Q: Will we see running backs DeMarco Murray and Felix Jones on the field at the same time?
William Sprake, Georgetown, DE
GEORGE: I’ve wondered why the Cowboys haven’t already used this to their advantage. All we’ve heard all season is how good Murray is at catching the football. I covered him for two seasons at Oklahoma and throughout his career there he proved very effective when lining up as a slot receiver. So, I think it’s time Jason Garrett found a way to get Murray in the slot while using Jones at running back. That just provides more of a challenge for the defense and gives the Cowboys more options on offense.
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Q: Isn’t it time to acknowledge that, as much as he is liked, Dave Campo does not cut it as a defensive backs coach?
Laurie Ryan, Willard, Mo.
GEORGE: The Cowboys’ secondary played well early in the season and overall hasn’t been bad considering the number of games their top three cornerbacks have missed this season. Also, consider that new coordinator Rob Ryan doesn’t do Campo any favors by often blitzing and leaving the secondary exposed on the back end. That said, Terence Newman has really struggled over the last two games after a terrific start to the year and must play better.
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Q: Which, or whom, has been more important to running back DeMarco Murray’s early success, the offensive line, the play-calling or fullback Tony Fiammetta?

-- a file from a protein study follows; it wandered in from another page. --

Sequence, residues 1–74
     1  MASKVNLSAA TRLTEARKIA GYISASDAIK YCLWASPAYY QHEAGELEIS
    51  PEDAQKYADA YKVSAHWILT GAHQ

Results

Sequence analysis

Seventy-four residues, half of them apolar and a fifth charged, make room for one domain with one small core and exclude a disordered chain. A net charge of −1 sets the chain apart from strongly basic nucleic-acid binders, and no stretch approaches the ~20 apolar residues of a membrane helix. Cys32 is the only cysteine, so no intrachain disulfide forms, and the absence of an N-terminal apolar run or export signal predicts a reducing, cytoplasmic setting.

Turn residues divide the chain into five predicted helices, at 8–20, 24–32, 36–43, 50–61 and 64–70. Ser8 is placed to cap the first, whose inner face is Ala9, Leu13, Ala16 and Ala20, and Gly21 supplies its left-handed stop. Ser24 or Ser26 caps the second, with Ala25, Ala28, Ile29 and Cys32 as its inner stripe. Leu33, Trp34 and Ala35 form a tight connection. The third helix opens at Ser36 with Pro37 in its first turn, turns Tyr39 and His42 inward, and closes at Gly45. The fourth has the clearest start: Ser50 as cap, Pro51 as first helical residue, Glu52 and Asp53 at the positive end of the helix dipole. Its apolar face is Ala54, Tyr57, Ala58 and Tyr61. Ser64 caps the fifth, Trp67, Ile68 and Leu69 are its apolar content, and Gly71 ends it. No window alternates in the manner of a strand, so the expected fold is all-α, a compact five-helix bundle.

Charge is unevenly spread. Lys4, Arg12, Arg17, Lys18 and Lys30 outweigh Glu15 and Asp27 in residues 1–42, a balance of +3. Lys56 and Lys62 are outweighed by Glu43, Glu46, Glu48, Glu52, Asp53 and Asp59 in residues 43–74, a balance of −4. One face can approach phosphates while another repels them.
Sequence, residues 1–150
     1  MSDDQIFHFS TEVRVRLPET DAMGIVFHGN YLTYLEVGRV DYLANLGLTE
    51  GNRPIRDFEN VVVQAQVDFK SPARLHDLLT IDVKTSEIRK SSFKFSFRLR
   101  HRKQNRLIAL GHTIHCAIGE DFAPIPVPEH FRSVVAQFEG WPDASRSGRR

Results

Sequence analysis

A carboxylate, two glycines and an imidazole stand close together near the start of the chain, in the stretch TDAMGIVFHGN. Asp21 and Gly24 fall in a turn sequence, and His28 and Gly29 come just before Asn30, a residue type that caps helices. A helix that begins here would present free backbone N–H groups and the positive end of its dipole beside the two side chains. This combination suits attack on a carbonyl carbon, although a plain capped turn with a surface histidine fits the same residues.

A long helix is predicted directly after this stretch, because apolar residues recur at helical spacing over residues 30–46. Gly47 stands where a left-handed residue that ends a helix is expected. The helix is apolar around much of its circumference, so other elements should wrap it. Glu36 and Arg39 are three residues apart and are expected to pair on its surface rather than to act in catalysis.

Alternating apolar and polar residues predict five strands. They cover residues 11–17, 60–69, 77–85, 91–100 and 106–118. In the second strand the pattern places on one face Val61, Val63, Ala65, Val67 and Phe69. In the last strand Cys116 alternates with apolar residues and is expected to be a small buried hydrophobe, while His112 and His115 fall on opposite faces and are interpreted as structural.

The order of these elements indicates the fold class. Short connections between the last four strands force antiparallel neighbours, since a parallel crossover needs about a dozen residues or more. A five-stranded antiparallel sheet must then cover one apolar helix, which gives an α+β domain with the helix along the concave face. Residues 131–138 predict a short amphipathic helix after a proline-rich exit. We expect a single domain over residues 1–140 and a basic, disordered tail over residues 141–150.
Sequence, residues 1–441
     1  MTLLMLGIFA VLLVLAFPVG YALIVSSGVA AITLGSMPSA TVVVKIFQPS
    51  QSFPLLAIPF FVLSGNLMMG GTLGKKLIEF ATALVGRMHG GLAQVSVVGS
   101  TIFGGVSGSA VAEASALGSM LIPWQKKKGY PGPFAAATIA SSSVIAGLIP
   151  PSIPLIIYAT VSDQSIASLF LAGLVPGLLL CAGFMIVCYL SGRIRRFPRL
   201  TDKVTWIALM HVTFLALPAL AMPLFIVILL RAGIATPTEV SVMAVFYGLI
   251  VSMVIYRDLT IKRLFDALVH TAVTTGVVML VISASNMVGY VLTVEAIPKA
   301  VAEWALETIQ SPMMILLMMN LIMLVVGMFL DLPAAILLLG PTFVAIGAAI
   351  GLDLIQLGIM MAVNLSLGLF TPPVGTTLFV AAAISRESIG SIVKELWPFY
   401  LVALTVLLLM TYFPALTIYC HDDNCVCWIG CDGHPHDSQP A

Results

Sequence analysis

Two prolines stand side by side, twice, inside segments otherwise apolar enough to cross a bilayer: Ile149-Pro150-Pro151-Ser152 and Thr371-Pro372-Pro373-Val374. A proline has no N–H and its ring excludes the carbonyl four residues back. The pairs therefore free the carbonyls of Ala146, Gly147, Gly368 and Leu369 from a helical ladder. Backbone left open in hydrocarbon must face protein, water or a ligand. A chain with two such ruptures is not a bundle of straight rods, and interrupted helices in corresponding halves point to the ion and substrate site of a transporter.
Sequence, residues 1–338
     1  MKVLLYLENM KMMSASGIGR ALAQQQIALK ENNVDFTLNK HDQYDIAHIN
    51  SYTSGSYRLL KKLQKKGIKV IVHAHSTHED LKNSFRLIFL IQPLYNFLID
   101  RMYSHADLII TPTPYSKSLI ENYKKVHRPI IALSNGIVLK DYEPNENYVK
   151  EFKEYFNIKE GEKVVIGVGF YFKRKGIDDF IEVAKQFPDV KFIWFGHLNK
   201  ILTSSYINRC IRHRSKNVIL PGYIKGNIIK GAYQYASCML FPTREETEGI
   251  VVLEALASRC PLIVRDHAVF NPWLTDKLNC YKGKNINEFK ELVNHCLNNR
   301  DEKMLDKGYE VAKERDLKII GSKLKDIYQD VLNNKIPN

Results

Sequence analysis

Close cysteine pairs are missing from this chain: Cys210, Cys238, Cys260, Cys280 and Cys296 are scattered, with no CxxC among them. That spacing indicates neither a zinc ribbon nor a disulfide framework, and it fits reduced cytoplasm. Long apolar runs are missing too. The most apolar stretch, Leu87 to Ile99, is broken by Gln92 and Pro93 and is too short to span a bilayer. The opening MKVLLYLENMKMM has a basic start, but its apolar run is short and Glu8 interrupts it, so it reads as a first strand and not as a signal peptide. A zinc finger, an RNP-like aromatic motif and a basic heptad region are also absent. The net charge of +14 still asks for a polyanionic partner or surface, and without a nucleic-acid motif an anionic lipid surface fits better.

Bob Hopper, Plano
GEORGE: I would have to lean toward Fiammetta. The numbers show a drastic difference when the Cowboys have Fiammetta available to use as their lead blocker. They’re 5-1 when he plays and average 5.8 yards per carry. In games he didn’t play in, they’re 2-4 and average only 3.3 yards per carry.
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Q: Should the Cowboys fire special-teams coordinator Joe DeCamillis?
Wesley M., Ashland, Va.
GEORGE: I don’t think he should be fired. Before Sunday, the Cowboys couldn’t have asked for more from undrafted rookie kicker Dan Bailey. Punter Mat McBriar has been excellent as usual. That said, however, the Cowboys’ return game has been very poor this season, and Dallas has the second-most penalties on special teams (18) in the NFL this season (only Tennessee has more at 21).
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Q: Is Jason Garrett’s explanation for his clock management decisions Sunday a valid excuse or is it a sign of things to come?
Tim Bradley, Versailles, Ky.
GEORGE: I don’t believe it’s a valid excuse. I believe that he believes he made a mistake. You won’t hear him say that, as was evident the day after the game. However, Garrett is smart and will learn from his mistakes. This first full season as a head coach in the NFL is a learning experience for him, and he’ll be better off for what happened Sunday in the long run.